Although supply chain management is not a topic specific to the transportation sector, the automotive and aerospace industries have long been at the forefront of active supply chain management. Over time, the management of these supply chains has gradually changed.

In the beginning, companies like Ford Motor Company owned or controlled virtually 100 per cent of their supply chains. Did you know that Ford used to own its own forestry business, its own rubber plantation, steel foundries, and more? Over time, companies realized that there were efficiencies to be gained by spinning off non-core operations; in the case of Ford, this led over the years to the divestiture of virtually all of their non-automotive assembly operations – aircraft production, forestry, steel foundries, and even large part of their component manufacturing business (largely into Visteon).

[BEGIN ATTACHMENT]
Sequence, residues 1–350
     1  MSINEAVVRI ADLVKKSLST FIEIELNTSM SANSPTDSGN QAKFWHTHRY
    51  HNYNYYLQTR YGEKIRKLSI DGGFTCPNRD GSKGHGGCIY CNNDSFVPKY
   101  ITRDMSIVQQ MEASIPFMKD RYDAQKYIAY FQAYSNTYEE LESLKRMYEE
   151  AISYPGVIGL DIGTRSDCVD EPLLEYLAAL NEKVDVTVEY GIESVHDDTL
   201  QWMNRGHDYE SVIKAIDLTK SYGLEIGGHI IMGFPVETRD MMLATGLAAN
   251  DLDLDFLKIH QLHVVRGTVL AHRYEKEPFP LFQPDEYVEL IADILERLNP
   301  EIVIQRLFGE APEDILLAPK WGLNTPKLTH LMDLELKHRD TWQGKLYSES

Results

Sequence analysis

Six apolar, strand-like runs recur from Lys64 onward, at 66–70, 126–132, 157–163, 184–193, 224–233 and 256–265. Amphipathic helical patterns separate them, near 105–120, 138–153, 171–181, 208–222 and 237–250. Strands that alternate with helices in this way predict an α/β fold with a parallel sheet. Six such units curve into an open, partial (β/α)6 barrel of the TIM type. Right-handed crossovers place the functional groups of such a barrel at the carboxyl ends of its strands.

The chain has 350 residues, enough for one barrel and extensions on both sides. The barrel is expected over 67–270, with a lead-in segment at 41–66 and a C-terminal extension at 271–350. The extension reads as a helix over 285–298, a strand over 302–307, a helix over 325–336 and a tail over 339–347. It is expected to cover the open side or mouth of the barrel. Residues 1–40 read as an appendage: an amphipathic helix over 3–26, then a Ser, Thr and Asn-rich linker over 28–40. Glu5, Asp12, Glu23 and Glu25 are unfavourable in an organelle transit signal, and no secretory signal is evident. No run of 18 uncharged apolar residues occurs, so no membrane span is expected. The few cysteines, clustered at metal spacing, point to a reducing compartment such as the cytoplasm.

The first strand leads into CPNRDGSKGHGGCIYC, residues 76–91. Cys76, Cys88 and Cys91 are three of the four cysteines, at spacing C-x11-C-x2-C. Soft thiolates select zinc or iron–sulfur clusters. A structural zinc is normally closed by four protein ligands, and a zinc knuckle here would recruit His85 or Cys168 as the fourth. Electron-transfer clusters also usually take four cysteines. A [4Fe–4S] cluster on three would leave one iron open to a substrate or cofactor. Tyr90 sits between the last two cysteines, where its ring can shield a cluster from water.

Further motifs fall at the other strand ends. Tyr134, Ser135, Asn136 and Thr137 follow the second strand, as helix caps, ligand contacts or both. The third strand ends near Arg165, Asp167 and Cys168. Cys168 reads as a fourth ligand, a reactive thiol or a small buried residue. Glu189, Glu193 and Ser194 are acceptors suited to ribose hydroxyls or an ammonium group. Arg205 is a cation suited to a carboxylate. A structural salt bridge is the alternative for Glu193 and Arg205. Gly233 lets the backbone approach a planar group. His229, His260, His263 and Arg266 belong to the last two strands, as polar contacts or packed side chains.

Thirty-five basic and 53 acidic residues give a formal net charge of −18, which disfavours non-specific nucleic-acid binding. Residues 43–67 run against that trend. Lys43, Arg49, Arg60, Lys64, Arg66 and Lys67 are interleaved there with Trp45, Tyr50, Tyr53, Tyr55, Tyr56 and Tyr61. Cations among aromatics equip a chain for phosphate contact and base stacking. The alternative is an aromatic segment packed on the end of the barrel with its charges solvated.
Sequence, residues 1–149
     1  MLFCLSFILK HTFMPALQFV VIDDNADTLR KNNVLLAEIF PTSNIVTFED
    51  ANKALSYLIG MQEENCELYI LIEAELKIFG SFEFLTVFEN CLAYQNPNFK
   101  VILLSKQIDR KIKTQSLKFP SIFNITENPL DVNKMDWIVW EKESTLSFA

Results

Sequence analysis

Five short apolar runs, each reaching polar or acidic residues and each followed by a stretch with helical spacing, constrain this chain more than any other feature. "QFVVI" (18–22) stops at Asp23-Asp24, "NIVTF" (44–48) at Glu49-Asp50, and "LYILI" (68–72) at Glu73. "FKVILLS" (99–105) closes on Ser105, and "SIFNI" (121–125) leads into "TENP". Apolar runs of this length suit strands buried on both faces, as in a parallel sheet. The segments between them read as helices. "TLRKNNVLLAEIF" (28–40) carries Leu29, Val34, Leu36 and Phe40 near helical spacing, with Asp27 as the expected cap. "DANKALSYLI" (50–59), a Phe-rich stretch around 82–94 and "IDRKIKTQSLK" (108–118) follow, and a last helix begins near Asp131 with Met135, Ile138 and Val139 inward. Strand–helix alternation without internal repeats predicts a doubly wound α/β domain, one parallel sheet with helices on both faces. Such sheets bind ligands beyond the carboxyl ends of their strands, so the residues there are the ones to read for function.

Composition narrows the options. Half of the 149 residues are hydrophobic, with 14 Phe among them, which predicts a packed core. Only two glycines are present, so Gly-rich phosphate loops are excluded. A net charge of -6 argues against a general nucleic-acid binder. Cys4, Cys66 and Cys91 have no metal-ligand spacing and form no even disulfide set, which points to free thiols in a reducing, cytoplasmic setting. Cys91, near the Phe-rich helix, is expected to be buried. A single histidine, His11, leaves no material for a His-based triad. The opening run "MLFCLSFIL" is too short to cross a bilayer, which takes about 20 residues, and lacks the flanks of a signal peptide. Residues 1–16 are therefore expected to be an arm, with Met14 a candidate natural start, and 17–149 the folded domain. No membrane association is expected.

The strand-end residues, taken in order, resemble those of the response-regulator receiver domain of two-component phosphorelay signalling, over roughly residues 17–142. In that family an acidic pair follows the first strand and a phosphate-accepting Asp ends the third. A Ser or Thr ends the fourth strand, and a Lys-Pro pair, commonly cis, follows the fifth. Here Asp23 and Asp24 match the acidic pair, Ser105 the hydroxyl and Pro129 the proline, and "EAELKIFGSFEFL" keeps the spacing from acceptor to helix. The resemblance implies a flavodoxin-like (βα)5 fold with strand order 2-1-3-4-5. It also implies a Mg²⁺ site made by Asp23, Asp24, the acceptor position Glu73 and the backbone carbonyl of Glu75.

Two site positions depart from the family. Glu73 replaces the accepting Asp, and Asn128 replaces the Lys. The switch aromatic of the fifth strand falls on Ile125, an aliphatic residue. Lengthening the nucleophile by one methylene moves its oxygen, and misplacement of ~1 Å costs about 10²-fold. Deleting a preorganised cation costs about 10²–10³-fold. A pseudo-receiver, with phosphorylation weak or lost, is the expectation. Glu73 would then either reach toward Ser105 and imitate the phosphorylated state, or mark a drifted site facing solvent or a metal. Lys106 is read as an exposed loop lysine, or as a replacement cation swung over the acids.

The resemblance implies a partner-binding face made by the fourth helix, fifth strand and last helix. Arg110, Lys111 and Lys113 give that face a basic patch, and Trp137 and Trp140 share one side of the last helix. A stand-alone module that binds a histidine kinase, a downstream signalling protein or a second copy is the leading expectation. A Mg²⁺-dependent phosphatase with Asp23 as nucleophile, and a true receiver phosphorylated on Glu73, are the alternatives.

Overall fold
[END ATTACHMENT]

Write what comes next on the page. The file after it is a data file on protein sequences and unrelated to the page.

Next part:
A side effect of these divestitures is that new companies have sprung up to take on these niche areas of production. In many cases, these new companies further grew their niche to the point they have an extremely dominant position in the supply chain. Fundamentally, this is a great business for the supplier.

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